INTEGRATED RESEARCH AND EDUCATION RELATED TO DEVELOPMENT OF A UNIVERSAL PLANT VIRUS MICROARRAY
Floral and Nursery Plants Research Unit
2012 Annual Report
1a.Objectives (from AD-416):
To demonstrate the ability of an oligonucleotide microarray to detect and differentiate plant viruses from random amplification of plant total nucleic acid extracts, and to provide education, through training, of undergraduate interns, and the incorporation of macroarray and microarray techniques into curricula.
1b.Approach (from AD-416):
ARS will acquire the lists of viral taxa to be represented on the viral detection microarray, and virus-infected samples from which to amplify nucleic acids to validate the microarray. This information and material will be utilized by both ARS and the Cooperator to jointly develop and validate the microarray for detection of target viruses, and to make validation results available to collaborators via a web server. The COOPERATOR will perform analysis of viral sequences to identify suitable sequences for the development of oligonucleotides, and participate in analysis of microarray hybridization results to determine with a high degree of confidence which viruses were present in validation samples. The COOPERATOR will also integrate macroarray and microarray techniques into curricula, and educate students on the theory and application of macroarrays and microarrays.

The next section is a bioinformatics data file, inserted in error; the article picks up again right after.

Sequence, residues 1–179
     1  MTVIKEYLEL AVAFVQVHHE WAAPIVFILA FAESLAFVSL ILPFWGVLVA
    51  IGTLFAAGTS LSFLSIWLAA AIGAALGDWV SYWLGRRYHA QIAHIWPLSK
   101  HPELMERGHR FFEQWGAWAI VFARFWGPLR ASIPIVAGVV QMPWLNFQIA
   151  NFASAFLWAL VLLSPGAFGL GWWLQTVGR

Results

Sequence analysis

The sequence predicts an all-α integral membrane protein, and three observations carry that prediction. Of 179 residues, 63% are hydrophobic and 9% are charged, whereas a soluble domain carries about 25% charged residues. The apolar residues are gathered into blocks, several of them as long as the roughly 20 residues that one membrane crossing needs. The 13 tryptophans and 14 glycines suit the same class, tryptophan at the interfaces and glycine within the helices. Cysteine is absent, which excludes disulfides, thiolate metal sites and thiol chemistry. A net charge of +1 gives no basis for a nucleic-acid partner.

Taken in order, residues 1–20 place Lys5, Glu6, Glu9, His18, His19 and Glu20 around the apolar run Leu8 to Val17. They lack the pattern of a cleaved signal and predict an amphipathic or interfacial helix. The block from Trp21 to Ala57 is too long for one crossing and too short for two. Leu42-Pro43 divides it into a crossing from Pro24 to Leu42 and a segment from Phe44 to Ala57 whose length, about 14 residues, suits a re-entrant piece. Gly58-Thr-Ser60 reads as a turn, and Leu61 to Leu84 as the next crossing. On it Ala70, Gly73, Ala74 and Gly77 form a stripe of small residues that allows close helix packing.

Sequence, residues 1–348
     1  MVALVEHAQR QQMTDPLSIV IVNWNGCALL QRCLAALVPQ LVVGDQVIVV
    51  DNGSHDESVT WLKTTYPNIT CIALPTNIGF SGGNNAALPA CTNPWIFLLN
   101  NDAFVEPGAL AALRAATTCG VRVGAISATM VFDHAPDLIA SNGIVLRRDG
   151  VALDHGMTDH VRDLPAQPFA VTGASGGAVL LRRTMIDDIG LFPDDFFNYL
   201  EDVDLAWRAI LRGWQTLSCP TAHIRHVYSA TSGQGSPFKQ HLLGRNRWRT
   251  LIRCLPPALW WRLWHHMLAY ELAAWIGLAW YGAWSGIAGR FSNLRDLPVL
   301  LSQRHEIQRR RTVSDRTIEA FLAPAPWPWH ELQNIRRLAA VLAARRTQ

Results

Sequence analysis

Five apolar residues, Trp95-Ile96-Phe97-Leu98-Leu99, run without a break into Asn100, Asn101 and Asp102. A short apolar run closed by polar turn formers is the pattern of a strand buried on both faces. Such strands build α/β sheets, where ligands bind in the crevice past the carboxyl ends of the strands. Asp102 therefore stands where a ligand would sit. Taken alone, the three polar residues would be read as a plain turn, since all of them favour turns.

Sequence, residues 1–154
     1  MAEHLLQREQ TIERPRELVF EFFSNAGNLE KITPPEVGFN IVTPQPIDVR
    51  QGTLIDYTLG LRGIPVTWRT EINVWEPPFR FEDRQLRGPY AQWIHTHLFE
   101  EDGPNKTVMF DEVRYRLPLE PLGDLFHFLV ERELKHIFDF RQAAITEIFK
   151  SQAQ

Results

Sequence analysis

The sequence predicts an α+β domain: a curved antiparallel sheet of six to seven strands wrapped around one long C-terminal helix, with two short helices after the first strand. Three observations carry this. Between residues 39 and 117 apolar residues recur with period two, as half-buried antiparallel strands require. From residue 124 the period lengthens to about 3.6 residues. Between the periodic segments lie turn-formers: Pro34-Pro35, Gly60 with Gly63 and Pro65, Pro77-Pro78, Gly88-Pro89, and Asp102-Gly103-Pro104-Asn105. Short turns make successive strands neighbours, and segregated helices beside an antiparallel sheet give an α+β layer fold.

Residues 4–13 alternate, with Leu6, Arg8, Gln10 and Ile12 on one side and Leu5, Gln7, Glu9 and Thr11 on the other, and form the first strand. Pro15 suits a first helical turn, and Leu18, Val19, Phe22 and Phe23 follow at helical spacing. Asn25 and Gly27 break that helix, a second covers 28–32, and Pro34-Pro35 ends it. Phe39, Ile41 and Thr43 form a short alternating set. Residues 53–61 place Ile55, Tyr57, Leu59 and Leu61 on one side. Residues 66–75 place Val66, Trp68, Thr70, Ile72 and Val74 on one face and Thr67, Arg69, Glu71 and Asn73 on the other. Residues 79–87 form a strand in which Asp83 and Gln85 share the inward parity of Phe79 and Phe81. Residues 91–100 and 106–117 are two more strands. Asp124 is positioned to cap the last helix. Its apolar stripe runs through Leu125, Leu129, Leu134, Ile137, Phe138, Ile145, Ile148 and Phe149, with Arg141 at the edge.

In the design and fabrication of a macroarray for the detection of grapevine viruses, all virus- and genera-specific oligonucleotide probes designed for the Universal Plant Virus Microarray (UPVM), and specific for viruses infecting grapevine, were included in the macro array format. Host plant specific probes were also included. Some of the plant probes proved useful as internal controls showing that they hybridized to grapevine sequences. Very few of the UPVM virus probes showed hybridization to extracts prepared from leaf roll infected grapevines. RNA extracts prepared from virus infected grapevines and tested on the macro array were sent to the lab at the Danforth Plant Science Center for testing on the UPVM. Results obtained with plant virus macroarrays were presented at the UPVM Workshop and BARD workshop ‘Microarrays and Next-Generation Sequencing for Detection and Identification of Plant Viruses’ held at Beltsville in November 2011. A publication “Macroarray detection of grapevine leafroll associated viruses” was published in the Journal of Virological Methods (183: 161-169). This information will be of most immediate application to the UPVM collaborators, but will also be of value to regulatory agencies, plant diagnostic clinics, germplasm repositories, and producers operating plant certification schemes.